John Creedon was in mellow mood on RTE radio – three slushy numbers in a row: Baby Washington’s ‘That’s how heartaches are made’, Jimmy Helms’ ‘I’m gonna make you an offer you can’t refuse’ and Diana Krall’s version of Dionne Warwick’s ‘Walk on by’. On an evening when the car thermometer still showed ten degrees at 10 pm and there was a first scent of spring in the night air, the music offered ten minutes reprieve from the relentless election coverage and constant mood of economic gloom.
There were moments when Jimmy Helms’ voice evoked strains of The Stylistics, a male vocal soul group with a liking for lengthy introductions to their songs and with a tendency towards falsetto singing, (a group whose sound evokes a violent reaction in an otherwise mild mannered friend in Dublin). Swinging through the bends in the road south of Ballyragget, there was almost a scent in the night air of moments from the 1970s, something indefinable, slipping beyond the consciousness before even it had taken shape.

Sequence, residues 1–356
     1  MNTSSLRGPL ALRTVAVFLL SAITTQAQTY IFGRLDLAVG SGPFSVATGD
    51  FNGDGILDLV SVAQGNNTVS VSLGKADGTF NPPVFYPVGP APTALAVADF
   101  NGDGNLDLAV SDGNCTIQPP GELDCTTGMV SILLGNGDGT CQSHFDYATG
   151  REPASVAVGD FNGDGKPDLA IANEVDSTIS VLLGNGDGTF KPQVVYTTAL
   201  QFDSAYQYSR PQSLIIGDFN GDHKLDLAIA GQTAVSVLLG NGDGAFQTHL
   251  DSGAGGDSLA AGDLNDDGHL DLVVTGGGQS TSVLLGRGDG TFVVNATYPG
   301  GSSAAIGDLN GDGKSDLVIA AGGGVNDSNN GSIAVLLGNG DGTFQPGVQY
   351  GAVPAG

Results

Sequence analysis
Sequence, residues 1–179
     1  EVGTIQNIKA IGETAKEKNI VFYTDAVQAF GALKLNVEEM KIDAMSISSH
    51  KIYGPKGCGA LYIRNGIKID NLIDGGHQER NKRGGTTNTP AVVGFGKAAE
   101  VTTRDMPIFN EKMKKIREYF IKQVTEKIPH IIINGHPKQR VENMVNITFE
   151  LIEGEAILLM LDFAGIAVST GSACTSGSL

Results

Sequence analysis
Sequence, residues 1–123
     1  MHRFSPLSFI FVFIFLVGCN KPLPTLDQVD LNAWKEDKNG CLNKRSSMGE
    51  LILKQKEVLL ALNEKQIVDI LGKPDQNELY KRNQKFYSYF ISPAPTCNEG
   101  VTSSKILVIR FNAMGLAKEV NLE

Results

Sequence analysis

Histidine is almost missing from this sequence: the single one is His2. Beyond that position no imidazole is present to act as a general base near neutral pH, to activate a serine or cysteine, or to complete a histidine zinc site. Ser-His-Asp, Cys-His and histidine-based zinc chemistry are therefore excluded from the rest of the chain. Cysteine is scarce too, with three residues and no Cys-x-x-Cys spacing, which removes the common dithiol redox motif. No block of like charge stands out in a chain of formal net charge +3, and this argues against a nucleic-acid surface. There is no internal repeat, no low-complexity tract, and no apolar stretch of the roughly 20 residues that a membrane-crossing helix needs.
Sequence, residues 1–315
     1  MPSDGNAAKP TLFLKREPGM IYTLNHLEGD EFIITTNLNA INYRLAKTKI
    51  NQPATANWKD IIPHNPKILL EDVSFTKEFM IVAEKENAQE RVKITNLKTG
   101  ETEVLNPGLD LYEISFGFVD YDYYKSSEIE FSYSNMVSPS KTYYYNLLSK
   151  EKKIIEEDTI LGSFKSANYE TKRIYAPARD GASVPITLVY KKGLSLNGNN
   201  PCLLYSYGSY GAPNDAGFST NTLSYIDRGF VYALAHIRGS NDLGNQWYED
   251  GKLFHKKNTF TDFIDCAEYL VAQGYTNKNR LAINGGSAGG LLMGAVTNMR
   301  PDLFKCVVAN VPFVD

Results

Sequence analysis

Admitting familiarity with the work of The Stylistics would have courted ridicule amongst male friends in teenage days. To have revealed a capacity for reciting whole chunks of their songs would have destroyed the last shred of any credibility I might have possessed. But, no matter about ridicule, there was something about their music that seemed to create an atmosphere. Maybe it was something to do with teenage romance; maybe it was because it had a distinctive sound.
Driving from Belfast to Dublin late one night some years ago, the DJ played The Stylistics’ ‘Betcha, by golly, wow. It was after midnight and the day had been long and there was a 6.30 am start the next morning, but, like Jimmy Helms this evening, the sound suddenly lightened the whole moment. It had a mellowness that created a feeling that the world around was choreographed, that even the motorway had soul. Maybe John Creedon should play music like it more often.